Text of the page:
Prais–Winsten estimation

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In econometrics, Prais–Winsten estimation is a procedure meant to take care of the serial correlation of type AR(1) in a linear model. It is a modification of Cochrane–Orcutt estimation in the sense that it does not lose the first observation and leads to more efficiency as a result.


Consider the model

y_t = \alpha + X_t \beta+\varepsilon_t,\,

where y_{t} is the time series of interest at time t, \beta is a vector of coefficients, X_{t} is a matrix of explanatory variables, and \varepsilon_t is the error term. The error term can be serially correlated over time: \varepsilon_t =\rho \varepsilon_{t-1}+e_t,\ |\rho| <1 and  e_t is a white noise. In addition to the Cochrane–Orcutt procedure transformation, which is

y_t - \rho y_{t-1} = \alpha(1-\rho)+\beta(X_t - \rho X_{t-1}) + e_t. \,

for t=2,3,...,T, Prais-Winsten procedure makes a reasonable transformation for t=1 in the following form

\sqrt{1-\rho^2}y_1 = \alpha\sqrt{1-\rho^2}+\left(\sqrt{1-\rho^2}X_1\right)\beta + \sqrt{1-\rho^2}\varepsilon_1. \,

Then the usual least squares estimation is done.

Estimation procedure[edit]

To do the estimation in a compact way it is directive to look at the auto-covariance function of the error term considered in the model above:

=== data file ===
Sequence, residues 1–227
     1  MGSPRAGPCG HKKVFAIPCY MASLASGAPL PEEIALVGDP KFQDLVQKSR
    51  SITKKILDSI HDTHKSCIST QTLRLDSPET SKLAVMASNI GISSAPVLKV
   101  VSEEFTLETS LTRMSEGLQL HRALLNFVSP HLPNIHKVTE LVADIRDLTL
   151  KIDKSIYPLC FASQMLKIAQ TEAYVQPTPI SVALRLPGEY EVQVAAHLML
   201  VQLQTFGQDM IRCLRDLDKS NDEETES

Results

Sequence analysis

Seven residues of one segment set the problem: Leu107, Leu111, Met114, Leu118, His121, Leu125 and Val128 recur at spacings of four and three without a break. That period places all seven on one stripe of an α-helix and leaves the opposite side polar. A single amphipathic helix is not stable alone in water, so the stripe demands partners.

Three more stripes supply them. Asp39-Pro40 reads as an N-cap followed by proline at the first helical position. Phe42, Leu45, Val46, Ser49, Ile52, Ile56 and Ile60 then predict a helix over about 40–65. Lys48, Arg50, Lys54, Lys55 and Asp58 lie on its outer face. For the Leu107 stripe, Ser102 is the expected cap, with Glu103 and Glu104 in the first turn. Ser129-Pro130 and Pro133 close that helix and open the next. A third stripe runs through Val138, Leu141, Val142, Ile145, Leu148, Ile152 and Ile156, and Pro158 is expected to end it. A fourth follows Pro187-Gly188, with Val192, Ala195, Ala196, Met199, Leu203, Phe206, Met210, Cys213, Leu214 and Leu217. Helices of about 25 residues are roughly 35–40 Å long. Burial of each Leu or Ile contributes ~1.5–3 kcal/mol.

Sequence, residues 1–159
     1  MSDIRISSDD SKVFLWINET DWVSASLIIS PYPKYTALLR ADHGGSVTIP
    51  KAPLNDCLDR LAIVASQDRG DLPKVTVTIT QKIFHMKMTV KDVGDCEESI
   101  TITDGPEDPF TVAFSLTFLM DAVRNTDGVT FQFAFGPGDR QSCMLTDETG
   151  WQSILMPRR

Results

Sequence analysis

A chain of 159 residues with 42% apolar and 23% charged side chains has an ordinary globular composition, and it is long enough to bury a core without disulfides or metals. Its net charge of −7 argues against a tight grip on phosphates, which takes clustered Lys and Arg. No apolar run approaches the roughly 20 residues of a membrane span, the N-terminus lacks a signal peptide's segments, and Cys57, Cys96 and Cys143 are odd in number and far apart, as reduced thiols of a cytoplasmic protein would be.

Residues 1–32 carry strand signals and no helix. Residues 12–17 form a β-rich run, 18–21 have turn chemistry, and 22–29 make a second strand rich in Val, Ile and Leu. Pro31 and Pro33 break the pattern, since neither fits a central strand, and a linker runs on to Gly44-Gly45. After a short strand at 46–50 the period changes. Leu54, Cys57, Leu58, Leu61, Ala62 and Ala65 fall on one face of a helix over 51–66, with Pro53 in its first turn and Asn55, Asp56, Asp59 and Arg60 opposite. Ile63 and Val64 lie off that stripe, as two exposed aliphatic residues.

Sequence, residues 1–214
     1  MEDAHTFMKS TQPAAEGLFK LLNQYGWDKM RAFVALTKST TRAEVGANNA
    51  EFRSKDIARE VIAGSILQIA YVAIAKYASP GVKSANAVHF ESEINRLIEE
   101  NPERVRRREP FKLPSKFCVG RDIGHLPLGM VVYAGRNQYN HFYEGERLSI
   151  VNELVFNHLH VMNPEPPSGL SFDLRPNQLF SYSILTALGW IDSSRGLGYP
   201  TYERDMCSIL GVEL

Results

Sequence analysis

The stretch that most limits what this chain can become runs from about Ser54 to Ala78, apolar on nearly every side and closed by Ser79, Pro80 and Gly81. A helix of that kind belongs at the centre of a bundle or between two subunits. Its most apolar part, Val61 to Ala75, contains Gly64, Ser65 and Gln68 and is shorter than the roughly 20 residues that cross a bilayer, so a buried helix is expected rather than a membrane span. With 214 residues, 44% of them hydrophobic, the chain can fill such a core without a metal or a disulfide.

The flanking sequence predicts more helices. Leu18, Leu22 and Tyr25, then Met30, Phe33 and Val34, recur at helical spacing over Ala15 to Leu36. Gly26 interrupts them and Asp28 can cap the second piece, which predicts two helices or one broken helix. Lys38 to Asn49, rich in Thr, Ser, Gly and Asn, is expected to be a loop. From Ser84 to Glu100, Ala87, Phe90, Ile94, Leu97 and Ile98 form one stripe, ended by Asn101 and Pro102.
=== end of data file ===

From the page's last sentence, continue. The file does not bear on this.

\mathrm{cov}(\varepsilon_t,\varepsilon_{t+h})=\frac{\rho^h}{1-\rho^2}, \text{ for } h=0,\pm 1, \pm 2, \dots \, .

Now is easy to see that the variance-covariance, \mathbf{\Omega} , of the model is

\mathbf{\Omega} = \begin{bmatrix}
\frac{1}{1-\rho^2} & \frac{\rho}{1-\rho^2} & \frac{\rho^2}{1-\rho^2} & \cdots & \frac{\rho^{T-1}}{1-\rho^2} \\[8pt]
\frac{\rho}{1-\rho^2} & \frac{1}{1-\rho^2} & \frac{\rho}{1-\rho^2} & \cdots & \frac{\rho^{T-2}}{1-\rho^2} \\[8pt]
\frac{\rho^2}{1-\rho^2} & \frac{\rho}{1-\rho^2}  & \frac{1}{1-\rho^2} & \cdots &  \frac{\rho^{T-2}}{1-\rho^2} \\[8pt]
\vdots & \vdots & \vdots & \ddots & \vdots \\[8pt]
\frac{\rho^{T-1}}{1-\rho^2} & \frac{\rho^{T-2}}{1-\rho^2} & \frac{\rho^{T-3}}{1-\rho^2} & \cdots & \frac{1}{1-\rho^2}

Now having \rho (or an estimate of it), we see that,

\hat{\Theta}=(\mathbf{Z}'\mathbf{\Omega}^{-1}\mathbf{Z})^{-1}(\mathbf{Z}'\mathbf{\Omega}^{-1}\mathbf{Y}), \,

where \mathbf{Z} is a matrix of observations on the independent variable (Xt, t = 1, 2, ..., T) including a vector of ones, \mathbf{Y} is a vector stacking the observations on the dependent variable (Xt, t = 1, 2, ..., T) and \hat{\Theta} includes the model parameters.


To see why the initial observation assumption stated by Prais-Winsten (1954) is reasonable, considering the mechanics of general least square estimation procedure sketched above is helpful. The inverse of \mathbf{\Omega} can be decomposed as \mathbf{\Omega}^{-1}=\mathbf{G}'\mathbf{G} with

\mathbf{G} = \begin{bmatrix}
\sqrt{1-\rho^2} & 0 & 0 & \cdots & 0 \\
-\rho & 1 & 0 & \cdots & 0 \\
0 & -\rho & 1 & \cdots &  0 \\
\vdots & \vdots & \vdots & \ddots & \vdots \\
0 & 0 & 0 & \cdots & 1

A pre-multiplication of model in a matrix notation with this matrix gives the transformed model of Prais-Winsten.


The error term is still restricted to be of an AR(1) type. If \rho is not known, a recursive procedure may be used to make the estimation feasible. See Cochrane–Orcutt estimation.